[spoiler alert] For the first half of Gone Girl, Flynn wrote an incredible female character who reveals herself through notes and diary entries, with the kinds of words and feelings I’ve felt my much of my life on some level, little feminine voices that tell you that you always need to be the “cool girl,” the Zooey Deschanel of girls, whose niceness is measured in perky breasts and adorable bangs. But out of the blue, and halfway through the narrative, Flynn flips a switch, and that “cool girl” you thought you knew comes out as a sadistic embodiment of entrapment, and what’s more is I actually identified with her even more than before. As the narrator, she explains how she tried to be the “cool girl,” and it left her cold, bowing to her husband’s weak will, hiding her own power to make him feel comfortable, when all she really wanted was an equal. Later she talks about pregnancy, her fears of being further hobbled by becoming a caregiver for a child, along with her husband, while he’s out cheating on her with one of his students, and even though she’s a murderer who uses as she pleases, I still can’t help but identify with her, because her thoughts are the bad, bad thoughts that many women think, because we’re always analyzing power dynamics, and it’s a terrifying thought to be powerless.

In terms of violence, Flynn’s got everyone covered in blood, and, no, her books probably aren’t doing anything to better the world, but her stories and the bad female characters she creates are arguably just as important to the canon of feminine arts as one of the hundreds of short documentaries about nice women doing nice things for other people or a thousand talking vaginas. She’s writing memorable anti-heroes, and they are actually women, and for the million female fans of Breaking Bad out there, perhaps you understand why this is so important, because women are surprisingly just as human as Walter White and we can be pretty killer protagonists. (Sure, pun intended.)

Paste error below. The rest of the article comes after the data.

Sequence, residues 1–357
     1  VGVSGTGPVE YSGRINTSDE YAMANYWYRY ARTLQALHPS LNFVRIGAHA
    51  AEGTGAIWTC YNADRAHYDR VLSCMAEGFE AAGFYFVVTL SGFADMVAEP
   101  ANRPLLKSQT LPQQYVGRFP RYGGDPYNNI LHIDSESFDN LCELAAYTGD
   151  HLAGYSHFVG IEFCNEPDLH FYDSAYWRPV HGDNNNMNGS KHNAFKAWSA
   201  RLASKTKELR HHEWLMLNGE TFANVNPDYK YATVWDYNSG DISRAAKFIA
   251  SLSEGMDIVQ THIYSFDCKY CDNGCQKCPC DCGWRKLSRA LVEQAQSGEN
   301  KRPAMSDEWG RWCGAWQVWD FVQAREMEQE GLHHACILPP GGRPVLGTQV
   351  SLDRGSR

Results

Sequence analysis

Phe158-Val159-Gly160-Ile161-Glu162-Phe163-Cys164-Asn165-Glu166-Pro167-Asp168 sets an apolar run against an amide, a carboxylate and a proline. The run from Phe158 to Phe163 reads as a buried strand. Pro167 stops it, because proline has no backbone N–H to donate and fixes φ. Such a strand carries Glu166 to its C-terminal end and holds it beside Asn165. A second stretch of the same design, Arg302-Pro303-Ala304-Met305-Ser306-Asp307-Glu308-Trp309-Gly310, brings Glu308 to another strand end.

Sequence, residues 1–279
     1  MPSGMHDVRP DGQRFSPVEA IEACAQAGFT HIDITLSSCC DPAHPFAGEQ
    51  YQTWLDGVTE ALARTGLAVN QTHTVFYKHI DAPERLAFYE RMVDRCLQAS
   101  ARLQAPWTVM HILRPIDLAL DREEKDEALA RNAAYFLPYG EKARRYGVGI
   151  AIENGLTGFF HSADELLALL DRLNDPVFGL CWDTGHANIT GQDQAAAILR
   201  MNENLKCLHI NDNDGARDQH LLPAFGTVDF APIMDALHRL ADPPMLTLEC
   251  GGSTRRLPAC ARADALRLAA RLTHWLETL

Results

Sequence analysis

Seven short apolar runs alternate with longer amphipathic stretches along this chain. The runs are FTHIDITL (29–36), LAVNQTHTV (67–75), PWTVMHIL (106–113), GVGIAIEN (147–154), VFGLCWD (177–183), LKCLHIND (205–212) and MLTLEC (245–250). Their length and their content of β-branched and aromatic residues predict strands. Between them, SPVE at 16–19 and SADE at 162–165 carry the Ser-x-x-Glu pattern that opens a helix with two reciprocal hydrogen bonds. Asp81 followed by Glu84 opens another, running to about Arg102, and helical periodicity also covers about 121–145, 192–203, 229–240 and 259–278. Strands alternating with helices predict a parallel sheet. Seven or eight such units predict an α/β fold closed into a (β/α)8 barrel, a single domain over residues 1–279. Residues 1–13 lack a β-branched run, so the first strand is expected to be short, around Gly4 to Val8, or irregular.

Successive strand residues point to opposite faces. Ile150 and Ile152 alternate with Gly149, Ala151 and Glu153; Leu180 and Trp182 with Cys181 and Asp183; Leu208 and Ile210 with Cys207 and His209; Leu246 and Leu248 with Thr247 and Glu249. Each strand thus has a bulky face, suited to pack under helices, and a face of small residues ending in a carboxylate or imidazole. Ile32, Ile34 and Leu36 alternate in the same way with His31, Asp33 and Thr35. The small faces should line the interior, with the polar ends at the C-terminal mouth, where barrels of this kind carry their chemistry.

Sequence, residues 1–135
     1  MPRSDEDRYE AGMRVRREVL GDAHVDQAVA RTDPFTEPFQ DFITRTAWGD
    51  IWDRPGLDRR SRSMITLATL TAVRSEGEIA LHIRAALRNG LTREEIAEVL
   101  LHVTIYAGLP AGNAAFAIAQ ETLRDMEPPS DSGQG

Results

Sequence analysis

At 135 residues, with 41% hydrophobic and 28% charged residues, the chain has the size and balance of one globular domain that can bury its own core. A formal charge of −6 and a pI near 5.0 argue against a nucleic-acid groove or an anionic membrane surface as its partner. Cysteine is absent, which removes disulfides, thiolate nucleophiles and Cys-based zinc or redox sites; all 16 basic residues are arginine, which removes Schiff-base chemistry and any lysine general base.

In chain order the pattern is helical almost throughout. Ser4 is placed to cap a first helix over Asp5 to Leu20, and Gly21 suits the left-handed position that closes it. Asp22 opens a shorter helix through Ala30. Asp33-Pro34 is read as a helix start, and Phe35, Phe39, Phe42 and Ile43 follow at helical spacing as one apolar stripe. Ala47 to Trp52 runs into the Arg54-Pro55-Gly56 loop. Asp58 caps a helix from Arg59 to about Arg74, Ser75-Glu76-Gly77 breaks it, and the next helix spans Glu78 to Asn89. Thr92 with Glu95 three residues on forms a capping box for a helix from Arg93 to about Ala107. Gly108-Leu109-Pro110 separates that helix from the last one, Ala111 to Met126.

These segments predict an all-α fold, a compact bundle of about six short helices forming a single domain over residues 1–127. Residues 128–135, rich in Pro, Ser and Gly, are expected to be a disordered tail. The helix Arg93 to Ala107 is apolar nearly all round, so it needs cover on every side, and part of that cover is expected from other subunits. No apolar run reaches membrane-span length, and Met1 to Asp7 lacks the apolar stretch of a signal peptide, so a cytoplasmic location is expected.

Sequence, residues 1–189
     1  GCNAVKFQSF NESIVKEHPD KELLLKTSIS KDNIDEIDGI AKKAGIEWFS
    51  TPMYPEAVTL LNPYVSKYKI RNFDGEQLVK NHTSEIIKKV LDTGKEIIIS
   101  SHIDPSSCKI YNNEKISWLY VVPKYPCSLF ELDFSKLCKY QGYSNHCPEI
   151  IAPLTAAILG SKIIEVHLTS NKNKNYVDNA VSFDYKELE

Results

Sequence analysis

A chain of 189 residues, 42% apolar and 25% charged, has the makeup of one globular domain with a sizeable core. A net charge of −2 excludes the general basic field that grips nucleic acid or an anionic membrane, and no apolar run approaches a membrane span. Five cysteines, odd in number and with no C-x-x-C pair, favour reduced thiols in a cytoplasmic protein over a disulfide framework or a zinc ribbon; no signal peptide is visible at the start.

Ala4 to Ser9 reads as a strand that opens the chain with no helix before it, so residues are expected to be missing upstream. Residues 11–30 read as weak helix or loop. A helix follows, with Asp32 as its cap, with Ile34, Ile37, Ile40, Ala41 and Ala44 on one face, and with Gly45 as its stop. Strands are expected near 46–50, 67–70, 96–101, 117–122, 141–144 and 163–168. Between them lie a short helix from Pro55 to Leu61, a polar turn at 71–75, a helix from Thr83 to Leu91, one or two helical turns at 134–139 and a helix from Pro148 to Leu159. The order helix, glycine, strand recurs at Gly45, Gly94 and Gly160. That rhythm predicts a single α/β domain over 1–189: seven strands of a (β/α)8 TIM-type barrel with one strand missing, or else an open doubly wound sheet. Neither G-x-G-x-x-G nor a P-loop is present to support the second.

Partly, I think we got it backwards, and I think we’re stuck in a destructive loop, because we’re calling for more developed female characters, but we didn’t do the work to make a space for them first. We shot ourselves in the foot, promoting our own goodness, because after all, the only thing women have to do in art to make way for more developed characters is exist. And once we exist—and I mean exist in the Bechdel way, like truly exist, controlling our own existence as makers—we can start up that PR image campaign, but even then I’m probably not going to like the “cool girl.” And I definitely won’t ever be the “cool girl.” Honestly, it just doesn’t sound fun. I love you, Susan Lucci; you’re the worst.

___

Want to read excerpts from my story collection, Sorry Too Dark? Send me an email, and I’ll send a few to you. I promise you the women are terrible humans. In the meantime, you should definitely read Gillian Flynn’s article, “I was not a nice little girl…

I want to be a Little Lucci.

I want to be a Little Lucci.

6 responses to “Evil Woman: Where are Flannery O’Connor and All the Ill-Behaved Ladies

  1. This is why my Twitter bio says I exist in “Moral Gray Area.” This is why most of my favorite films and books wouldn’t pass the Bechdel Test, (which is something I just learned now): because there aren’t enough stories about female hit men or female killers or women having existential crises.

    I always feel like most movies about women are Rom-coms. This is why I actually really liked The Heat, and while the female leads were generally super good, it was a buddy cop flick with no dumb romantic nonsense which is generally obligatory for female-centric stories.

    • Jenny, I got so mad about the double standard reviewers had for THE HEAT. People acted like every joke had the fate of all womankind in the punchline. Sometimes stuff is just light and fun, and that’s it.